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Design fraud resistant policies

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Understand risks and red flags to consider when designing Commonwealth policies and programs, and get some key tips for designing fraud resistant policies and programs.

Poor policy design can lead to the creation of significant fraud vulnerabilities. While we can’t prevent all fraud, taking fraud into account when designing and implementing Commonwealth policies can help you put appropriate controls in place to frustrate most fraudulent actions and prevent systemic fraud.

Red flags to consider

Here are some risks and red flags that may lead to fraud vulnerabilities in policies:

  • Policy is developed without enough consultation with the area responsible for its implementation – This can lead to implementation problems and control vulnerabilities, such as eligibility criteria that is difficult to verify.
  • Policy is developed without any critical analysis of potential vulnerabilities – This can lead to vulnerabilities being ‘designed in’ to the program and systemic fraud. This sometimes requires the program to be scrapped or completely redesigned.
  • The program is managed across different government portfolios, service providers and/or jurisdictions – This can lead to a lack of clear governance processes, oversight and accountability for risks and controls.
  • The program requires someone to verify or authenticate their identity, particularly online – If not designed well, this can lead to identity fraud and significantly harm members of the Australian public.
  • The program involves electronic claims, submissions, assessments, verification and/or payments – If not designed well, this can lead to systemic fraud, including sophisticated cyber fraud.
  • The program provides help to vulnerable people – A program helping the vulnerable may not create a greater fraud risk, but defrauding the program could disproportionately harm those who rely on government services such as the elderly, the vulnerable, the sick and the disadvantaged.
  • The program has low thresholds for verifying eligibility or evidence for payments – These programs are susceptible to common methods used by fraudsters, such as deception and fabrication. This can lead to systemic fraud.
  • The program needs to be delivered quickly, such as in response to emergencies – This can often make it difficult to put in robust up-front countermeasures. Post-event assurance activity is integral to effectively managing payments in emergency management scenarios.
  • The program overly prioritises user/client experience – This can sometimes come at the cost of effective controls to mitigate fraud losses. It’s important to remember: if you make it easy for the client, you might also make it easy for the fraudster.
  • The program involves brokers and agents who may help others facilitate fraud – Professional facilitators, also known as criminal consultants, are increasingly being used to help defraud government programs.
  • The program creates new opportunities for unregulated industries or expands a regulated industry to new providers – Experience shows us that this can quickly lead to systemic fraud. Fraudsters are diverse, dynamic and adapt quickly. Fraud is their profession; their expertise is to examine government programs and find creative ways to exploit those programs.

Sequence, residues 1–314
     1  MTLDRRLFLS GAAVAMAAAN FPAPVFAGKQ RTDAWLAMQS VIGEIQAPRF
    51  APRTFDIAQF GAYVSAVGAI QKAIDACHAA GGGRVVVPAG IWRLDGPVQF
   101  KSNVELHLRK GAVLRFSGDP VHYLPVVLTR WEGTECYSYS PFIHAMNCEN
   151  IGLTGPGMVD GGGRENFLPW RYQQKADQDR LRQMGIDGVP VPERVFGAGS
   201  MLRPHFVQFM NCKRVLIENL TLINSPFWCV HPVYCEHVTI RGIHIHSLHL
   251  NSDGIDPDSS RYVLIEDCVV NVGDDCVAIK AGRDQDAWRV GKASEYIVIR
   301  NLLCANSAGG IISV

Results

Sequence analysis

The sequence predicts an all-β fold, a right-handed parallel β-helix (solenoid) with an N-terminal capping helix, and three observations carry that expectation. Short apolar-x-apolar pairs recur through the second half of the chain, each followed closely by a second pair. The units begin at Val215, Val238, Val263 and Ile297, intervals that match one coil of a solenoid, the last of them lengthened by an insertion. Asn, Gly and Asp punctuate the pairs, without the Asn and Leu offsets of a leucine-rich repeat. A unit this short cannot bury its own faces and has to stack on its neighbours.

Key tips for designing fraud resistant policies and programs

  • Understand that while the majority of people are honest, there will always be some dishonest people in society.
  • Understand that organised crime and certain groups actively target government programs to exploit them.
  • Undertake a fraud risk assessment as early as possible. A good assessment should help you identify exactly how someone will try to defraud the program. This will allow you to put appropriate controls in place to frustrate most fraudulent actions and prevent systemic fraud.
  • Use established processes and relationships, rather than setting up new ones.
  • Work with trusted partners to deliver services such as other government agencies, reputable non-government organisations and established businesses.
  • Learn from previous experiences (including failures) of other programs, both internal and external to your entity, and implement adequate countermeasures to limit the opportunity for fraud to occur.
  • Make sure policy, legislation and systems have appropriate safeguards against fraud.
  • If sufficient evidence cannot be collected up-front, make sure processes are in place to collect it at a later date through post-event assurance or compliance activity.
  • Be aware that countermeasures can be breached and therefore it is important to have clear response protocols as part of fraud prevention.
  • Determine responsibility for fraud response especially in cross-entity or cross-jurisdictional programs.
  • Build in measures to make sure entities are able to collect and share information about fraudinvestigate suspected matters and establish criminal conduct such as:
    • measures to make sure entities can review current fraud prevention design as a whole
    • measures to make sure that the preventative measures being implemented are effective.
  • Get advice from your entity’s governance/fraud/risk area or other fraud control experts regarding relevant fraud risks.
  • Include advice on fraud prevention techniques and red flags in any policy or program development training for officials.

Further reading

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